Monday, May 24, 2010

Information and consequences


I don’t want to sound like I don’t care about privacy (heck, I wrote “Privacy Nation”), but I am struck about the recent spate of articles regarding Facebook and MySpace. As a business model they have created amazing SOCIAL NETWORKING sites to allow people to SOCIAL NETWORK and PURPOSEFULLY share personal and business information to connect and advance a new way of interacting. One rub is that some technical “glitches” have caused personal chats to be exposed to the world. No doubt a problem. Another rub is that business policy (with privacy policy in the background) behind the social networking sites advance a default which is to “expose” information not “hide” it. So, in the end, I guess the sites are working (but not without hiccups). There are ways to lock your information down. Maybe they could be better. There are privacy policies that seem to reflect an “opt out” mentality for information sharing rather than allow all users to make all decisions about what each viewer can see or not and thus “opt in” with respect to sharing information. It is good when technology advances the economy. It is also good when new ways of communicating promotes better communication for business and personal reasons. All new technologies applied to business problems are information and consequences - but these(but for pure technology and security failure)seem intended. Buyers Beware. Are You kidding me.

Friday, May 21, 2010

Wipe it Clean!

My memory started out shaky and has gotten worse as I have gotten older. When I coach my son’s baseball team and have a brain stutter prohibiting immediate recall of a kid’s name, I rely on work-arounds like “Let’s go CHIEF”. Not necessary when it comes to electronic devices of all kinds. Just about every electronic device has memory and some devices have full blown hard drives allowing recall of tons of stuff. There was a recent CBS investigative report of the sale of used copiers. I rarely am surprised but when I saw the kinds of information retrievable from a used copier in just minutes, I was stupefied. Bottom line, when getting rid of not just computers, not just PDAs, but any electronic device you need to wipe it clean before you expose yourself.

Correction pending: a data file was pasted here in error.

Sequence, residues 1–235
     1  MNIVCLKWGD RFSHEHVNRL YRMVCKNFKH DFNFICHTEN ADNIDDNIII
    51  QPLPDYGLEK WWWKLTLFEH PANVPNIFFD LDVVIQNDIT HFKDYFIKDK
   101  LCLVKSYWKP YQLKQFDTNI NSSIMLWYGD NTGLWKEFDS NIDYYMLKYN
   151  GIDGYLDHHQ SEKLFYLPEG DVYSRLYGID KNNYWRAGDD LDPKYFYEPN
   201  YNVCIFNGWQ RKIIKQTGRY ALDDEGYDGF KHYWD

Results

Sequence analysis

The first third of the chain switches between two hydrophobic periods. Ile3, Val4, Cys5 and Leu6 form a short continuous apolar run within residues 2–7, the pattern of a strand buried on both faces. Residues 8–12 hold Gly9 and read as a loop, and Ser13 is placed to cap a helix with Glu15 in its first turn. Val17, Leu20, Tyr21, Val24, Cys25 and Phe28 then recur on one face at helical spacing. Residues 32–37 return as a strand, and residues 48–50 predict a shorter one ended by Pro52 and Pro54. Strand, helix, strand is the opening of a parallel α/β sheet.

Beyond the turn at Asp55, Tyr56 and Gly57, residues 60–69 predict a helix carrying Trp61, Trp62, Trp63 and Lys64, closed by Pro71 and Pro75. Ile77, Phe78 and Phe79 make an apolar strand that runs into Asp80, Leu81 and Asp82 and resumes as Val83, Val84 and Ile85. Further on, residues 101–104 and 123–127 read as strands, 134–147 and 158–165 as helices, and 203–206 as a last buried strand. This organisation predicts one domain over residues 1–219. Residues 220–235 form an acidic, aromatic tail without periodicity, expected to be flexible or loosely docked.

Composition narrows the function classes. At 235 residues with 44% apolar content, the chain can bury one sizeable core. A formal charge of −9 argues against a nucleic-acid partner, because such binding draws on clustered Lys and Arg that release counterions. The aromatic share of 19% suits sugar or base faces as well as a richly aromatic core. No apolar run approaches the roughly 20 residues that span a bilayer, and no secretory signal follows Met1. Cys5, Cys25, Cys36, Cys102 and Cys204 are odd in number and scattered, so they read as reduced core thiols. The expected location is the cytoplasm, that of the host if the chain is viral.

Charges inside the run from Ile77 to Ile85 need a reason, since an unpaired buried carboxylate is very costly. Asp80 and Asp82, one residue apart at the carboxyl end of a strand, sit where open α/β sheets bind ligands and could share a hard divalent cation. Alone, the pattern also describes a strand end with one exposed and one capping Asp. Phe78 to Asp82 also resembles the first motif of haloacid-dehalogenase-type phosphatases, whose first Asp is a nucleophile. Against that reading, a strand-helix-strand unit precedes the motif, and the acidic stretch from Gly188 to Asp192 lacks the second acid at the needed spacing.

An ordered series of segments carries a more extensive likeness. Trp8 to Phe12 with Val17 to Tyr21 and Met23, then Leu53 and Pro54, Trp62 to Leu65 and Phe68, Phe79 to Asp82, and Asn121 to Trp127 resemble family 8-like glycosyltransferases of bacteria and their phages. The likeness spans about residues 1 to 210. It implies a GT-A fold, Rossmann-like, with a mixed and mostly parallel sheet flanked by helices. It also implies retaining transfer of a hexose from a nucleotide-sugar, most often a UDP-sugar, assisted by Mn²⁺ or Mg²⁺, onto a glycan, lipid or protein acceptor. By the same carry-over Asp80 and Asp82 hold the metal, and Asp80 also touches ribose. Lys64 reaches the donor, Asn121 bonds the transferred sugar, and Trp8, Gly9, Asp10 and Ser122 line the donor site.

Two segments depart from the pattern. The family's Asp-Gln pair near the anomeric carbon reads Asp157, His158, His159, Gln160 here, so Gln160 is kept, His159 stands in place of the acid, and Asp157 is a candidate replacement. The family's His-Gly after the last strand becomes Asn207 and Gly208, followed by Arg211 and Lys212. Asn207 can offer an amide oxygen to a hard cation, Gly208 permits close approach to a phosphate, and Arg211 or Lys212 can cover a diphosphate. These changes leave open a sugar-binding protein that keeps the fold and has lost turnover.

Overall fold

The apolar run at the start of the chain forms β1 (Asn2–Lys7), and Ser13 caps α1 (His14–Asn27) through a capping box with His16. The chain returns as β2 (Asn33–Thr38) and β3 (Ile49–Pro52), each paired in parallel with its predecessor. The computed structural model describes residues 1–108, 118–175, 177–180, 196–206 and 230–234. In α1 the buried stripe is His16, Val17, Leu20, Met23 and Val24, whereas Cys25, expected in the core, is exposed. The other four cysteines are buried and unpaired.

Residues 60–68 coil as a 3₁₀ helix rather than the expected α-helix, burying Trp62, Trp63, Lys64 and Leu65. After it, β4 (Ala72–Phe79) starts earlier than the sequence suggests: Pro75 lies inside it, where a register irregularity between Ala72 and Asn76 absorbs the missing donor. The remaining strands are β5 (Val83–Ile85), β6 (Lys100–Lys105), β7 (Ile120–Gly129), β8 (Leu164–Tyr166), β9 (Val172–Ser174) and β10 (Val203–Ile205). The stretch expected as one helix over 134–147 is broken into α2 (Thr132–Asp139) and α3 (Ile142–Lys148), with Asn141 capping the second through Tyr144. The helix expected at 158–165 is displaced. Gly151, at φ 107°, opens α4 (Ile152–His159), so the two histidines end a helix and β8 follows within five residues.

Tuesday, May 18, 2010

"Mistakenly" grabbing data?

A German agency is in the process of conducting an investigation of the privacy practices of Google. In the context of the investigation, the governmental agency asked Google about its Wi-Fi data storing practices. Long story short, what came out is that when Google sends vans around the world to map streets and locations, it was also “mistakenly” grabbing website traffic and usage from users that was available through unprotected Wi-Fi connections.

Far be it from me to question Google, but its structured technology grabbed the usage data mistakenly? Ouch, that is one major engineering glitch. The Wall Street Journal article covering the story quotes Google on the mistake—“ It’s now clear that we have been mistakenly collecting samples of payload data . . . We are profoundly sorry for this error and are determined to learn all the lessons we can from our mistake.”

Well, I am a big fan of learning lessons and this one gives American business a black eye in Europe well beyond Google. Information flows. Information stores. Information transmits. I like Google, don’t get me wrong, but when in Rome do as the Romans do. And when doing business in Europe or anywhere for that matter, respect their laws about information because information matters.

Tuesday, May 11, 2010

2009 NARA Records Management Report

On April 19, 2010 NARA sent its assessment report to Congress regarding how Federal Agencies in 2009 were doing at managing records. Nearly 90% of the Agencies responded to the assessment. I am wondering why the other 10% didn’t-but whatever. I am also wondering why they are just getting around to making the findings public for a study done in 2009-but whatever. What was really terrific was the results that indicate that 79% of agencies are either at “high” or “moderate” risk of improperly destroying records. Brilliant.